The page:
The Use of Anti-Neutralisation Statements in Charity Advertising.

Pietryka, Elizabeth (2007) The Use of Anti-Neutralisation Statements in Charity Advertising. [Dissertation (University of Nottingham only)] (Unpublished)

[img] PDF - Registered users only - Requires a PDF viewer such as GSview, Xpdf or Adobe Acrobat Reader
Download (956kB)

Abstract

The Use of Anti-Neutralisation Statements in Charity Advertising

Pro-social behaviour in the form of charity donations is an area where behaviour commonly is not consistent with what one believes to be right, in that individuals often do not help as much as they think they should. When this is the case, cognitive dissonance can arise as an unpleasant psychological state resulting from the inconsistent actions. One method of regaining equilibrium is to make excuses for the conflicting behaviour, conceptualised by Sykes and Matza (1957)

as the Theory of Neutralisation.

It was hypothesised in the present study that counteracting these neutralisations in children's charity appeals may block the excuses for being formed. Therefore, guilt felt upon exposure to the appeal would be increased, as well as subsequent donation intentions.

A sample of 100 Catholic fathers filled in a questionnaire from one of four conditions; one of two separate anti-neutralisation conditions corresponding with different neutralisation categories, a control simply asking for help, and a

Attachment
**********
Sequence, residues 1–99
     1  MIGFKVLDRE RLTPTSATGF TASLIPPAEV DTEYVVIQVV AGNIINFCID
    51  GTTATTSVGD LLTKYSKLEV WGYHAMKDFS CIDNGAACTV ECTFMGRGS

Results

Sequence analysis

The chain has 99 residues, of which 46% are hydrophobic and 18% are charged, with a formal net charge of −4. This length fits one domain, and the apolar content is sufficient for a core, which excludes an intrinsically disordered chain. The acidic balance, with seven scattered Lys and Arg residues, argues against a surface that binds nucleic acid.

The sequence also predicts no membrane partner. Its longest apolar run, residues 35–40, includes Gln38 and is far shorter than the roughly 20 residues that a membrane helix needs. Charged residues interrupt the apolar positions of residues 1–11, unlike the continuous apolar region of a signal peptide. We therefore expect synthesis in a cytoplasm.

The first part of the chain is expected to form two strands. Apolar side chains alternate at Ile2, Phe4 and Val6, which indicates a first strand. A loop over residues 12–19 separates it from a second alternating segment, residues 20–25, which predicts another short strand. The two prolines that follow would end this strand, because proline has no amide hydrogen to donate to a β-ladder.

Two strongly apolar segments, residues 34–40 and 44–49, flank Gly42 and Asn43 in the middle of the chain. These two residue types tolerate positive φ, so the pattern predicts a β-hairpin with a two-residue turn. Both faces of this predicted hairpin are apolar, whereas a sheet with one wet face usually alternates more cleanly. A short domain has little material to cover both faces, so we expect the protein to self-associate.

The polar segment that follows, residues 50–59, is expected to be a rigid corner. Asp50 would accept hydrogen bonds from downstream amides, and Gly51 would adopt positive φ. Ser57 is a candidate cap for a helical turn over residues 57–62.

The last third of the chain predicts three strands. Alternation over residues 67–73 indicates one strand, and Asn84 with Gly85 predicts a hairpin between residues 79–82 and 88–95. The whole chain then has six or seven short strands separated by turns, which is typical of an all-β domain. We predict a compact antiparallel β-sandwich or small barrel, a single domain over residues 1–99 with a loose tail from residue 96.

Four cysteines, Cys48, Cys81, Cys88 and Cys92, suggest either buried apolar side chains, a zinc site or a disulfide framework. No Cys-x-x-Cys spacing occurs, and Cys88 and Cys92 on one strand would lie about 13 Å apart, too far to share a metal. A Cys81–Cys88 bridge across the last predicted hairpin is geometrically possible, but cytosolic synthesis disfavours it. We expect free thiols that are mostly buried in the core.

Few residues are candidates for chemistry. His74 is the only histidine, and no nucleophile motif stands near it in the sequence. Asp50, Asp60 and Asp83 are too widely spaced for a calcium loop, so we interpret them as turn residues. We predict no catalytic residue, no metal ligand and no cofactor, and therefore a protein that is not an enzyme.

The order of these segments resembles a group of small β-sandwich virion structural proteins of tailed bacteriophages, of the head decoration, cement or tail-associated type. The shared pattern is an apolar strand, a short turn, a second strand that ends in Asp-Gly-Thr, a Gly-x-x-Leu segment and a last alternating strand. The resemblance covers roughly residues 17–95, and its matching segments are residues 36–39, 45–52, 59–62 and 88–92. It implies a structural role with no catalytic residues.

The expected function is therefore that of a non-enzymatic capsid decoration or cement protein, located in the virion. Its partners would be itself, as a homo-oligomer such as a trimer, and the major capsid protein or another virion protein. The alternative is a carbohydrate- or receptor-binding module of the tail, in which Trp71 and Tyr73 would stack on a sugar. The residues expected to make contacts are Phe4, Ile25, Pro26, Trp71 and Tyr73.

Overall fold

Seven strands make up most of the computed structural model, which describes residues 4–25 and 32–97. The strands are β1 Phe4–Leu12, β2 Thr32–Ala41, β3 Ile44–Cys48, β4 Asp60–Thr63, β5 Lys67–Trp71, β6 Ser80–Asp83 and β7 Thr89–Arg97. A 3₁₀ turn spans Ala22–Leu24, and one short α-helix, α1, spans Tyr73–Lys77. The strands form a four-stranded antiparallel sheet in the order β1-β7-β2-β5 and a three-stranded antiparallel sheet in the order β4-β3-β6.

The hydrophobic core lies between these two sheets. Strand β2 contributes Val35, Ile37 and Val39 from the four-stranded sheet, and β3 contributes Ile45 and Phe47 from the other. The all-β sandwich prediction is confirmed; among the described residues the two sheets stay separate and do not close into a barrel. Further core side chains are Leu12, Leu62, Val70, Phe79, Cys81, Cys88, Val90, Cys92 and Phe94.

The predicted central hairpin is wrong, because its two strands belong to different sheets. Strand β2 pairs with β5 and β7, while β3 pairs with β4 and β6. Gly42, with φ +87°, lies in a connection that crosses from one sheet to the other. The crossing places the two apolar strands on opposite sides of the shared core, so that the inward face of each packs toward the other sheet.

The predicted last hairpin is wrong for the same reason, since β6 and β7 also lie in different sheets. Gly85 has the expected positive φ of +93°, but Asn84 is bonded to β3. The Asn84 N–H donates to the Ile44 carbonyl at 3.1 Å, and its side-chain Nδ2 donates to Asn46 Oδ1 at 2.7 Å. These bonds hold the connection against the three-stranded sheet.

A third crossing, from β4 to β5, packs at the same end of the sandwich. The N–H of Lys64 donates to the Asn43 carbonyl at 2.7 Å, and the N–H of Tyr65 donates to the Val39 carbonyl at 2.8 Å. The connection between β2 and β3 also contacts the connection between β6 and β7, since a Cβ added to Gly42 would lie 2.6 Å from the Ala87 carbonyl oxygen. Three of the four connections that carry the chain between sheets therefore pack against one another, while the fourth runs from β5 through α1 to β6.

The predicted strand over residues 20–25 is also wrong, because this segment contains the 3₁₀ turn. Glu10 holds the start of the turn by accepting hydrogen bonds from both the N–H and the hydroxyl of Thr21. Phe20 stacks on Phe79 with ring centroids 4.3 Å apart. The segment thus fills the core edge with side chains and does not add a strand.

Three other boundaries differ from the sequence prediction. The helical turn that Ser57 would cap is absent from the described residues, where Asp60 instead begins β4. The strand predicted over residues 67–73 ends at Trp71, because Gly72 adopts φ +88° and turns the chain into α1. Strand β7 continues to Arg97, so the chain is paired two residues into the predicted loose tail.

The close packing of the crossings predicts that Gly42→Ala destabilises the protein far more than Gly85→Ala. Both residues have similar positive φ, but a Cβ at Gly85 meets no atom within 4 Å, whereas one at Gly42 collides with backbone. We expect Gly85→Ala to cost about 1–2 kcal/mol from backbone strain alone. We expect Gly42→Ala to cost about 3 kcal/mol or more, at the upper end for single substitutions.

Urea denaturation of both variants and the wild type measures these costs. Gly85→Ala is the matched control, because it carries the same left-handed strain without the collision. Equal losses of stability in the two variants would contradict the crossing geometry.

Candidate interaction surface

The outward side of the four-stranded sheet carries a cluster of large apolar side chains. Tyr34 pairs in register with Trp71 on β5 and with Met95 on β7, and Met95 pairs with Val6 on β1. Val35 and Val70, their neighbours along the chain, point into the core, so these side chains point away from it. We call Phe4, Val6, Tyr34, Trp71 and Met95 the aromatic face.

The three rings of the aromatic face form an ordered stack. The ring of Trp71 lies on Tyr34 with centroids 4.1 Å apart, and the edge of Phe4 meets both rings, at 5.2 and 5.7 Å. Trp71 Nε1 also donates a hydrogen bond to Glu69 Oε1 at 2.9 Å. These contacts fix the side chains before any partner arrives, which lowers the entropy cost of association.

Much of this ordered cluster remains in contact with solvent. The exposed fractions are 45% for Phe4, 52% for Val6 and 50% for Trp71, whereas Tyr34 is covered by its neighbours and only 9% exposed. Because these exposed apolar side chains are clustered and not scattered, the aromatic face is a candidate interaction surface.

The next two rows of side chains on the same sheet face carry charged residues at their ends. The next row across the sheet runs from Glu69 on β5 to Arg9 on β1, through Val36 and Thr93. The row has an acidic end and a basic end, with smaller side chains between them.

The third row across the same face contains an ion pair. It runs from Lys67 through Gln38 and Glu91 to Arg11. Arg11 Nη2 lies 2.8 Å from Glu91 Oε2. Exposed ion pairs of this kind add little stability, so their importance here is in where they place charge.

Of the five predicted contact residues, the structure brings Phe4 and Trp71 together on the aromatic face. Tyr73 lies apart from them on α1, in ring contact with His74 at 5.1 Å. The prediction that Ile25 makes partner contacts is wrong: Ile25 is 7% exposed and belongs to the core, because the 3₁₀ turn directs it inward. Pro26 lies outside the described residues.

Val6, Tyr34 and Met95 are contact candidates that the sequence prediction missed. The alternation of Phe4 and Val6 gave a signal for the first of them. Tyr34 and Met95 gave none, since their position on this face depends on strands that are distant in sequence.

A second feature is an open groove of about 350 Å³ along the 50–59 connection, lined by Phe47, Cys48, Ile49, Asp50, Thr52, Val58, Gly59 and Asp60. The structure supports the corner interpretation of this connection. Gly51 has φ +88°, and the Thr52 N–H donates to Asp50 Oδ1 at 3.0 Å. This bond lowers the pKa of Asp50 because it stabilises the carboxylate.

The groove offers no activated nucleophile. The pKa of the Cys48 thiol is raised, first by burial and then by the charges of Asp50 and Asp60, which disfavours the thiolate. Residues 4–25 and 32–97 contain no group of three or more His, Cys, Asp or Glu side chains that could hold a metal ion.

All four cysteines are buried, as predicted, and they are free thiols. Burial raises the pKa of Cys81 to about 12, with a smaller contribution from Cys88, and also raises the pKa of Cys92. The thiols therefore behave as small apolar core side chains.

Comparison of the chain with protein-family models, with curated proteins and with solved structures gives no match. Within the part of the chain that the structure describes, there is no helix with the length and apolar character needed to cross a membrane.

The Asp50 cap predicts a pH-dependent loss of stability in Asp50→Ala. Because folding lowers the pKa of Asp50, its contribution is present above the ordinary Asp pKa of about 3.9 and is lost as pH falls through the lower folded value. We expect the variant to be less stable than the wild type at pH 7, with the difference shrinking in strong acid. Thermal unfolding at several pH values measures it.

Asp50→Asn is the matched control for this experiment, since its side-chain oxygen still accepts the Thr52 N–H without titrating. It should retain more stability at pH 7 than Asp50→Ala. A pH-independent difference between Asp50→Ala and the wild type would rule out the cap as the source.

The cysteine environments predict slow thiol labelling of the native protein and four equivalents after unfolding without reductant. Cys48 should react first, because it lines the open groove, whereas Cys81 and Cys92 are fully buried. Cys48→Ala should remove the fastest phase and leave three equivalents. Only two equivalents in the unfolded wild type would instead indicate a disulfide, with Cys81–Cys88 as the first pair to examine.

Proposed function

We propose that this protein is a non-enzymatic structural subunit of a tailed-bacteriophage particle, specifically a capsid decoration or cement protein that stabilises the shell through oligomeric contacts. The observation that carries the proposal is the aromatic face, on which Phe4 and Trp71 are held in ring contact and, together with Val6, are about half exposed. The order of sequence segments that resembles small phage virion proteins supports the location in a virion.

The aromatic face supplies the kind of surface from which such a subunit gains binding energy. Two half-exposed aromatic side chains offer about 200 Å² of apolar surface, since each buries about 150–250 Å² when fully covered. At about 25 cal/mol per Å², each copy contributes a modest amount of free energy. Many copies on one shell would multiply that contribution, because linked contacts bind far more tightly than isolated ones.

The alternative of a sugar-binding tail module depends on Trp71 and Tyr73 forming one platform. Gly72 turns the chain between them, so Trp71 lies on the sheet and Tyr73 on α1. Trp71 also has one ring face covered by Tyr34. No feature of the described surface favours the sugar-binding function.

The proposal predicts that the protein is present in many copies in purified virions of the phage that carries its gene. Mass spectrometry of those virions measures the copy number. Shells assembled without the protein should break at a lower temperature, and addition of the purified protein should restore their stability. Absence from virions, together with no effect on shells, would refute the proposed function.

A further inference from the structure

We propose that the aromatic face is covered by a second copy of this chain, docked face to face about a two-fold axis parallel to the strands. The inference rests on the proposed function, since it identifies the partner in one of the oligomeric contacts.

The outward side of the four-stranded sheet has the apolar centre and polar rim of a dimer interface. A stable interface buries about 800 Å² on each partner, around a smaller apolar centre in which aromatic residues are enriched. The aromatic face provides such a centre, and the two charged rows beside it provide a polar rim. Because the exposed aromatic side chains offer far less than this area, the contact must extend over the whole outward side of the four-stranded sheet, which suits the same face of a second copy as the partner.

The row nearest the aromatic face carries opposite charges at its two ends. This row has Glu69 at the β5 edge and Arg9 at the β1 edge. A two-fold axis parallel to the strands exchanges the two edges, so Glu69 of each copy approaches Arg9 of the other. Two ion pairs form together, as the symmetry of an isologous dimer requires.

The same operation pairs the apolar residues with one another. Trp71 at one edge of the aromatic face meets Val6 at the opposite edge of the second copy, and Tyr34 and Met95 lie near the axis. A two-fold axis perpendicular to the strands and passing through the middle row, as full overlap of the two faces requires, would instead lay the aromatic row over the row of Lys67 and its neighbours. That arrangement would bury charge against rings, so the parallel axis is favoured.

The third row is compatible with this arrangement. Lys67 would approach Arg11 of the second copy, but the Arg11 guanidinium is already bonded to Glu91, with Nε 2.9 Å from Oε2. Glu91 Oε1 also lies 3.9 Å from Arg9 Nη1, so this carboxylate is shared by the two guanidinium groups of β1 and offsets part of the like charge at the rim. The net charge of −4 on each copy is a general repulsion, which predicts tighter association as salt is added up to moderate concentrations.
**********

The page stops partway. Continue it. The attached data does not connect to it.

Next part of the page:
combination condition with the two anti-neutralisation statements within one

advert.

The study failed to show a significant link between the condition and subsequent donation intentions and guilt ratings, so various aspects of the Theory of Planned Behaviour (TPB) Model were taken into consideration. While two constructs of the TPB were found to be unevenly distributed between the conditions, this was not found to significantly affect the measured dependent variables. It is therefore

possible that too many mitigating factors had affected results, such as any number of those presented by Guy and Patton (1989) in their model of giving behaviour. Further research is suggested in the area of charity appeals with alternative participants or materials, before ruling out the use of antineutralisation statements within charity advertising.

Item Type: Dissertation (University of Nottingham only)
Depositing User: EP, Services
Date Deposited: 07 Mar 2008
Last Modified: 24 Oct 2016 07:39
URI: http://eprints.nottingham.ac.uk/id/eprint/21195

Actions (Archive Staff Only)

Edit View Edit View